They spared the life of the wife and teenage son of one of the men they killed, even though these people could have identified the raiders. At another cabin, they interrogated two men and let them go, convinced they had not threatened free state settlers or been involved in violent actions against the free state settlers. At a third house they also spared the wife of one man, even while they killed him. Three and a half years later, on the evening of October 16, , John Brown and 18 "soldiers" seized the U.

Brown's plans were fantastic—some would say insane. He would use the arms in the arsenal—as well as old-fashioned pikes he had had specially manufactured—to begin a guerrilla war against slavery. The core of his army would be the mostly white band of raiders who seized the arsenal. But soon, he hoped—he believed—he just knew—that hundreds or even thousands of slaves would join him in the fight against the "peculiar institution. During his raid, Brown and his men had captured a number of slave owners in the area, including Lewis Washington, the great-grand-nephew of President George Washington.

Brown did not kill any of these captured men, and he went out of his way to protect them and make sure they were not harmed. While in Harpers Ferry, the raiders killed a railroad baggage handler, who ironically was a free black, when he refused their orders to halt. In a firefight they killed a few townsmen, including the mayor.

At one point Brown stopped a passenger train, held it for a while, and then released it. The train continued on to Washington, D. The next day, October 18, U. Robert E. Lee, captured Brown in the engine house on the armory grounds. By this time, most of the raiders were either dead or wounded. Brown s trial in Charlestown, Virginia, began in October He was charged with and convicted of treason, murder, and conspiring with slaves to revolt.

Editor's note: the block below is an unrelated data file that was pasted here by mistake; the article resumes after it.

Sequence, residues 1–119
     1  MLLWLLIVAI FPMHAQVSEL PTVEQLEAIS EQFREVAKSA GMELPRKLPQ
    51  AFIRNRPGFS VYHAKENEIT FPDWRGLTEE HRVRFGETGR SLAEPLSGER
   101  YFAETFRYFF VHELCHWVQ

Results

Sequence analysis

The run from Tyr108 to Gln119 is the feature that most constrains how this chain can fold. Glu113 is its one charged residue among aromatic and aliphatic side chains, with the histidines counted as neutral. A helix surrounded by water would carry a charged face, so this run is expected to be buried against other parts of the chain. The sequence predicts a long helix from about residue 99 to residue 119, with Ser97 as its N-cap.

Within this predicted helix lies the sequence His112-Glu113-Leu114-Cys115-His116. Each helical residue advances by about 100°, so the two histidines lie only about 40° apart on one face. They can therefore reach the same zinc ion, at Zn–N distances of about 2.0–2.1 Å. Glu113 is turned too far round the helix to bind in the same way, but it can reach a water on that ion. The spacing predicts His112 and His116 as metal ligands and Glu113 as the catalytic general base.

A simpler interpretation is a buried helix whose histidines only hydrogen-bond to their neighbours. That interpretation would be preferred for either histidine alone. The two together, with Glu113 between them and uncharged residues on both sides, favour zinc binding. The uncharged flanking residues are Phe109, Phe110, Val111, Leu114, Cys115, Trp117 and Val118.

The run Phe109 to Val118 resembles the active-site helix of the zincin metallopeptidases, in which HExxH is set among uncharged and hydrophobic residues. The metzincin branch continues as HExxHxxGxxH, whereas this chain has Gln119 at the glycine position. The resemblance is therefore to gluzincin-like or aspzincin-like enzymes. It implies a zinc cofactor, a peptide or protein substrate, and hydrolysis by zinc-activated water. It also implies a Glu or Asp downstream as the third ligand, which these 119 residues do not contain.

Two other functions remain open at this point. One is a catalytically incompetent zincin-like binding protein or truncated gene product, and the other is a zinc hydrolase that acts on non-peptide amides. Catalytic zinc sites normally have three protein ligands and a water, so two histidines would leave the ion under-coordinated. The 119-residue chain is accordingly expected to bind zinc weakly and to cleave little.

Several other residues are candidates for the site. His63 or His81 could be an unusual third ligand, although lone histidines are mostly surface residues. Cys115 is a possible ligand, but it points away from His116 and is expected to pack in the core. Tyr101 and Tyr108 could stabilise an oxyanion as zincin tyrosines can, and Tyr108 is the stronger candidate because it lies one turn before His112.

Severely wounded during his capture, Brown had to be carried into court and lay on a stretcher. Harpers Ferry National Park. He was charged with treason, murder, and conspiring with slaves to rebel. He was convicted on November 2 and sentenced to death.

Before his sentencing, Brown told the court that his actions against slavery were consistent with God's commandments. Now, if it is deemed necessary that I should forfeit my life for the furtherance of the ends of justice, and mingle my blood with the blood of millions in this slave country whose rights are disregarded by wicked, cruel, and unjust enactments, I say 'let it be done. In the month between his sentencing on November 2 and his execution on December 2, Brown wrote brilliant letters that helped to create, in the minds of many Northerners, his image as a Christ-like martyr who gave his life so that the slaves might be free.

Indeed, Frederick Douglass would later say that he lived for the slave, but John Brown was willing to "die for the slave. For abolitionists and antislavery activists, black and white, Brown emerged as a hero, a martyr, and ultimately, a harbinger of the end of slavery. Most Northern whites, especially those not committed to abolition, were aghast at the violence of his action. Yet there was also widespread support for him in the region.

Northerners variously came to see Brown as an antislavery saint, a brave but foolish extremist, a lunatic, and a threat to the Union. The future Republican governor of Massachusetts, John A. Andrew, summed up the feelings of many Northerners when he refused to endorse Brown's tactics or the wisdom of the raid, but declared that "John Brown himself is right. Tecumseh thus found little support in the Southeast beyond the Red Sticks, who by were cut off from the North by Andrew Jackson.

Following their defeat, the Red Sticks were forced to cede an unprecedented fourteen million acres of land in the Treaty of Fort Jackson. As historian Adam Rothman argues, the defeat of the Red Sticks allowed the United States to expand west of the Mississippi, guaranteeing the continued existence and profitability of slavery. Many Native leaders refused to join Tecumseh and instead maintained their loyalties to the American republic. The War of between the United States and Britain offered new opportunities for Tecumseh and his followers. Even then, the confederacy faced an uphill battle, particularly after American naval forces secured control of the Great Lakes in September , forcing British ships and reinforcements to retreat.